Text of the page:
The next phase in this evolution is to use space-based facilities to undertake measurements that cannot be done from the surface of Earth. The Space Interferometry Mission (SIM) and the Kepler photometric mission, both in the planning stages, represent efforts in this direction. This evolutionary path will lead to a steady increase in the extent of the SMO parameter space accessible for study. The confidence gained with the exciting results from each step helps to justify the greater complexity and cost of the next step.

This evolutionary process must be carefully fostered and nurtured. A balanced program that fully explores all of parameter space is essential. In particular, to advance SMO studies in the near term and to optimize the development of space-based facilities NASA must balance its major space expenditures with adequate funding for the early steps involving ground-based techniques and flight demonstrations. For example, a significant amount of effort needs to be delivered to ground-based, transit-photometry efforts to provide a dramatic demonstration of the viability of this technique. The detection of a new 51 Pegasi-like system by photometry would make a compelling case for future space-based photometry missions. Similarly, the vigorous exploitation of the capabilities of current ground-based interferometers will help researchers to improve the designs of much larger and more expensive future ground-and space-based interferometers.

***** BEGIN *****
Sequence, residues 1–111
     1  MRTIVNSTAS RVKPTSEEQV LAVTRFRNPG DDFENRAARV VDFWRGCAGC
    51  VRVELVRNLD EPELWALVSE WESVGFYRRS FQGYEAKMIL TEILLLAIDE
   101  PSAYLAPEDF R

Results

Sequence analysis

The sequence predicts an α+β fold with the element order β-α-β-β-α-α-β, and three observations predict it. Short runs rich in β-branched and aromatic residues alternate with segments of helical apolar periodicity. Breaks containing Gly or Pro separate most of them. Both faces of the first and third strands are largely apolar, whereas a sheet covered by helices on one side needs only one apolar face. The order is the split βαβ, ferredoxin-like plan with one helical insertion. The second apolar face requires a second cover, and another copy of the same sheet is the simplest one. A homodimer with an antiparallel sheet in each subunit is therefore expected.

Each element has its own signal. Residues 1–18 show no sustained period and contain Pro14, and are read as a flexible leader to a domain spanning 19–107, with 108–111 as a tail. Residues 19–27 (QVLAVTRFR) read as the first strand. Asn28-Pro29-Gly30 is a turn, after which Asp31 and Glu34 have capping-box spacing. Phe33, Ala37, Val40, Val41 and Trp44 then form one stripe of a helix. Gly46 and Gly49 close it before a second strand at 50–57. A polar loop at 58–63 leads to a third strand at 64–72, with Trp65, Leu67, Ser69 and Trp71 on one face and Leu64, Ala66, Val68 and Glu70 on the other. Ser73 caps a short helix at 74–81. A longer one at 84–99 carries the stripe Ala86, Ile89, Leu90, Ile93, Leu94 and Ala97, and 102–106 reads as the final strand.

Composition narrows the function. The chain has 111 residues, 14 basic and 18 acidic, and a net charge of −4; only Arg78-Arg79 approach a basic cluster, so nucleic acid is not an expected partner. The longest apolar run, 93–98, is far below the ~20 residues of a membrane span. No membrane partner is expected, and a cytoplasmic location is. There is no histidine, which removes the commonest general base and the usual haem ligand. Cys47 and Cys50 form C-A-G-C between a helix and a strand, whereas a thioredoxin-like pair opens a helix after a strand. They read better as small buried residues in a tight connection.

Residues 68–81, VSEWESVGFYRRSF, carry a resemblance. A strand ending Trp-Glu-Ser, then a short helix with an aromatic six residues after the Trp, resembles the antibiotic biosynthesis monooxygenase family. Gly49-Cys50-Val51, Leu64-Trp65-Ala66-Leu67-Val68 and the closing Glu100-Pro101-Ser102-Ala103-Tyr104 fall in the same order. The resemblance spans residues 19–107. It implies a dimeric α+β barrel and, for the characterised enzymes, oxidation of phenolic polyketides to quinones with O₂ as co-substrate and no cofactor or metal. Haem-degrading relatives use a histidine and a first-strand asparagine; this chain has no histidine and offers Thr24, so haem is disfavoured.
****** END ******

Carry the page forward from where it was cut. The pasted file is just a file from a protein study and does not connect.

Extensive astrometric surveys with facilities such as NPOI (Navy Prototype Optical Interferometer) PTI (Palomar Testbed Interferometer), and CHARA (Center for High Angular Resolution Astronomy) and others will also help train the next generation of scientists who will then design and fully utilize the much more expensive space missions such as SIM and Planet Finder.

Spectroscopic Studies of Nearby SMOs

The great difficulty in detecting SMOs is the result of their low luminosity. It is now clear, however, that the so-called stellar mass function (i.e., the number of objects in a given mass range) does not continue to rise through the bottom of the main sequence to the SMO domain. Rather, the mass function is flat or gently declining through the transition to SMOs, with perhaps a rise below 10 MJ. Thus, SMOs are at best as numerous as stars, and perhaps only half so abundant. As a result, SMOs cannot contribute more than 10% of the mass of the galactic neighborhood. Thus SMOs will always be elusive candidates for discovery and characterization regardless of the increased capability of telescopes and instruments, because they do not stand out in sheer numbers against the background of the low-mass stellar population. The diverse techniques of detection described in Chapter 1 will continue to provide cohorts of candidates whose true nature will be understood through more detailed observations with different tools.

The technique of choice for studying individual SMOs will continue to be spectra, the bulk of which will be collected from the ground. Continued improvement in optical and infrared detectors, the greater availability of large telescopes, and progress in developing adaptive-optics techniques (to separate the light of close companions from that of their parent star) are all required to probe the spectra of SMO candidates discovered to date and anticipated in the coming years.

These technologies, developed on ground-based systems, have direct application to the goal of acquiring spectra from terrestrial planets around nearby stars using space-based telescopes. However, the continued advancement of SMO studies requires that NASA encourage a range of approaches that will have broad scientific benefit for the detection and characterization of SMOs. This will have the additional

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